This leaves organizations poised to shift gears into a new generation of cloud computing, with half of CIOs planning to migrate more than 75% of enterprise workloads to the cloud over the next two years, per McKinsey. This new generation will see a mindset shift from IT leaders as they look to capture what McKinsey predicts as more than $1 trillion of value.
Instead of the cloud acting as a source of micro improvements to employee and IT productivity, this new age seeks to capitalize on the transformative value of the cloud and platform-based work. Cloud platform-based business models are set to dominate the future of work as an IBM study of businesses that collectively oversee $3.7trillion in revenue found that 94% plan to transform their operations to rely more on customer and employee experience platforms.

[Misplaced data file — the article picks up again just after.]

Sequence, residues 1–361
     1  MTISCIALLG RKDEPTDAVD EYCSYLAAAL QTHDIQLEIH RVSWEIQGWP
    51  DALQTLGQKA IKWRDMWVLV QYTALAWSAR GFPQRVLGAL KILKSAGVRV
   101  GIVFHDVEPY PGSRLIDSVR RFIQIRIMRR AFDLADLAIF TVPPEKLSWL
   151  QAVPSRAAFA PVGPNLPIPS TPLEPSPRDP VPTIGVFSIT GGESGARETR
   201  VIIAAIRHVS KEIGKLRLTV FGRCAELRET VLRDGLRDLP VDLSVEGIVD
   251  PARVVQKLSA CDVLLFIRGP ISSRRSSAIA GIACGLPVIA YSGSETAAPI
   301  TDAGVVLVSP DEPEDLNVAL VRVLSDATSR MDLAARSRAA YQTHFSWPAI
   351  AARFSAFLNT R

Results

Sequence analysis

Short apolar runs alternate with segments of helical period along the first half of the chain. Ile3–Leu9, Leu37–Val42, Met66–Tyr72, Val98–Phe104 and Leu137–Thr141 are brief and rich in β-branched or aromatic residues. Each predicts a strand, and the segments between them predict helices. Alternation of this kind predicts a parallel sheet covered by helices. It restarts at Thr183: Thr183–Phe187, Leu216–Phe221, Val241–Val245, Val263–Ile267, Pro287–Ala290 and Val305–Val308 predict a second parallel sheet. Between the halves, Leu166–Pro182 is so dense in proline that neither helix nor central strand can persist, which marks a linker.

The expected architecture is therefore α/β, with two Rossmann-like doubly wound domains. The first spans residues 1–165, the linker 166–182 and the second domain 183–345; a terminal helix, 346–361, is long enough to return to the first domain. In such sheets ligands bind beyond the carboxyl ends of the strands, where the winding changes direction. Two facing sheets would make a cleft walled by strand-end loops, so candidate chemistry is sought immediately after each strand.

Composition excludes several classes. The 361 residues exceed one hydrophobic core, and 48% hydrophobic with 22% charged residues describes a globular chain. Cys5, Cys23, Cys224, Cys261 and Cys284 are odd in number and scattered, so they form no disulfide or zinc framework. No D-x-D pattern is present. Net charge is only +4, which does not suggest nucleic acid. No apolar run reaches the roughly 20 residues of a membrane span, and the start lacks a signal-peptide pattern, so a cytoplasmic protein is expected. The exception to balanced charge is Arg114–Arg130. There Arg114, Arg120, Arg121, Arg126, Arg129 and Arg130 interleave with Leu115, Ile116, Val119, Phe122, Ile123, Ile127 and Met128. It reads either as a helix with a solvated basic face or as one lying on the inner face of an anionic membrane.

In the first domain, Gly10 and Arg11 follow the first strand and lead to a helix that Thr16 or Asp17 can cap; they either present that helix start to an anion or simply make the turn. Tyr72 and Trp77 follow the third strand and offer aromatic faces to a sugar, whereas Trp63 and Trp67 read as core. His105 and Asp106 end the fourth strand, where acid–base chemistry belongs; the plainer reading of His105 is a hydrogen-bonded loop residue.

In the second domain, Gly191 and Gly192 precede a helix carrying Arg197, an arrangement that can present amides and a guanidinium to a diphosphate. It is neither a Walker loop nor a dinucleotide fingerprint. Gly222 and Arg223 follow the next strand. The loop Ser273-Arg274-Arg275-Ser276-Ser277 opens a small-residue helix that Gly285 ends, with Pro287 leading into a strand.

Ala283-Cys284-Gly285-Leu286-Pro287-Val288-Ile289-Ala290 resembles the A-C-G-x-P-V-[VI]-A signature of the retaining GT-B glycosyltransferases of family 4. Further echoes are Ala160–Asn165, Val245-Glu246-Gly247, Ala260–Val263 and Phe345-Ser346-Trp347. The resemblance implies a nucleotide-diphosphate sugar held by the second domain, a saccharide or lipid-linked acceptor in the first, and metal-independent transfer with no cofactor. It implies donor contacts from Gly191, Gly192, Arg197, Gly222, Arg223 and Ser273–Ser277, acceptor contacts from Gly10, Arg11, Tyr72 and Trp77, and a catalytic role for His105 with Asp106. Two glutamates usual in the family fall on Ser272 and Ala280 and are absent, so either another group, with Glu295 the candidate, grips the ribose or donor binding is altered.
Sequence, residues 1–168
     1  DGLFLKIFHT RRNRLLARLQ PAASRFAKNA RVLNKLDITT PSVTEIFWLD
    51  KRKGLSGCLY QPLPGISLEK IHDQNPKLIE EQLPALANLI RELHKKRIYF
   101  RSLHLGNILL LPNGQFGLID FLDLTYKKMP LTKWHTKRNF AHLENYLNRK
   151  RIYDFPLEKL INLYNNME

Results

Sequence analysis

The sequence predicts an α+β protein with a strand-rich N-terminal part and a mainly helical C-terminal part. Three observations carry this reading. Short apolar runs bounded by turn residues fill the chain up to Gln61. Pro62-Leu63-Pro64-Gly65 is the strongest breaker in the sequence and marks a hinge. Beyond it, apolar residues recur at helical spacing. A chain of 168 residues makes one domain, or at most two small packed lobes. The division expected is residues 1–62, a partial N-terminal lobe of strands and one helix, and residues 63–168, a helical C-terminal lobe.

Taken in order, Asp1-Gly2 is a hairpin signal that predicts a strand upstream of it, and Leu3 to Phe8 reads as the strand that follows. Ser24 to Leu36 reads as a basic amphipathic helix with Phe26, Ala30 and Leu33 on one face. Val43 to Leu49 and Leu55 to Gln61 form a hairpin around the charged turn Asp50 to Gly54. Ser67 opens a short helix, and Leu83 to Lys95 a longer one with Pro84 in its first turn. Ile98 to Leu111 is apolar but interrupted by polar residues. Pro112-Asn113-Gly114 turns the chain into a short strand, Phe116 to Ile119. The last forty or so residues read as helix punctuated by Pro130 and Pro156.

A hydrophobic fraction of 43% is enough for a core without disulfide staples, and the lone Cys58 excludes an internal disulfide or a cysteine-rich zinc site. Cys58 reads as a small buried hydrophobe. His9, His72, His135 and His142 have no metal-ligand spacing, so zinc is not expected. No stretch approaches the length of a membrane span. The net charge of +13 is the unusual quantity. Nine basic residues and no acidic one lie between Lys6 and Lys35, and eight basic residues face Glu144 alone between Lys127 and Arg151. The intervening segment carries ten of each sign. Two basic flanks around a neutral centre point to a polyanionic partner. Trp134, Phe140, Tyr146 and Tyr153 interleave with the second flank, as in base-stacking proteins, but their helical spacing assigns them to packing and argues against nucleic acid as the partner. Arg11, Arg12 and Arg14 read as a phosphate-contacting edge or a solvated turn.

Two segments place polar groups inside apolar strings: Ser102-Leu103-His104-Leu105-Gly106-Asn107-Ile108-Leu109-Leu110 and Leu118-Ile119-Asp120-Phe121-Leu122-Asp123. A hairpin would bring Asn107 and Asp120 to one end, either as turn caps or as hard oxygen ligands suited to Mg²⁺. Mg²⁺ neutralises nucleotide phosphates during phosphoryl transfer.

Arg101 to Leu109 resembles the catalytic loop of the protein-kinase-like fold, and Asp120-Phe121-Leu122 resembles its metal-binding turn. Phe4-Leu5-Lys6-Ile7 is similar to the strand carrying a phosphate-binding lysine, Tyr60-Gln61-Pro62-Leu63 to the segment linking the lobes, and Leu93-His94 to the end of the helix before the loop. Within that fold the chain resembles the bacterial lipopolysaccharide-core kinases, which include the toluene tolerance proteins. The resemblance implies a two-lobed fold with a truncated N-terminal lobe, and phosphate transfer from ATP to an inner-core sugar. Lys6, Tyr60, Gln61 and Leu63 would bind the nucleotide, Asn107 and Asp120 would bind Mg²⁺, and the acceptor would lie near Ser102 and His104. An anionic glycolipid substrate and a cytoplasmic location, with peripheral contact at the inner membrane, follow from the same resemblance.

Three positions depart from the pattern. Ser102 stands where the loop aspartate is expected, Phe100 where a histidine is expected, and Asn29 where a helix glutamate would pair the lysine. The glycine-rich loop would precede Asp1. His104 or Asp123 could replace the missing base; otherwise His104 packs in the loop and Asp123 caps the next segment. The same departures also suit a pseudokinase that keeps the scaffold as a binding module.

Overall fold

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The savvy CIO should look to capitalize on this trend early, turning to holistic, cloud-based intranet experience platforms that offer the flexibility to cater to a range of use cases and workflows from all corners of the enterprise.
#2. Upskilling the hybrid workforce
Talent will be a valuable commodity in the coming decade, as remote work widens the talent pool and CEOs turn to IT to drive enterprises away from legacy processes and toward innovation. A Cisco survey of C-suite executives found that 85% of respondents believe the ability to attract, retain, and develop talent will be critical in the all-digital workplace, yet only 46% have plans in place to develop talent in 2022.
Hybrid work demands a new set of skills and places a greater premium on digital natives – those that grew up in the information age and thus are primed to excel in a model that relies on remote work technology. McKinsey has outlined the need for enterprises to prioritize a new skillset for the future of work: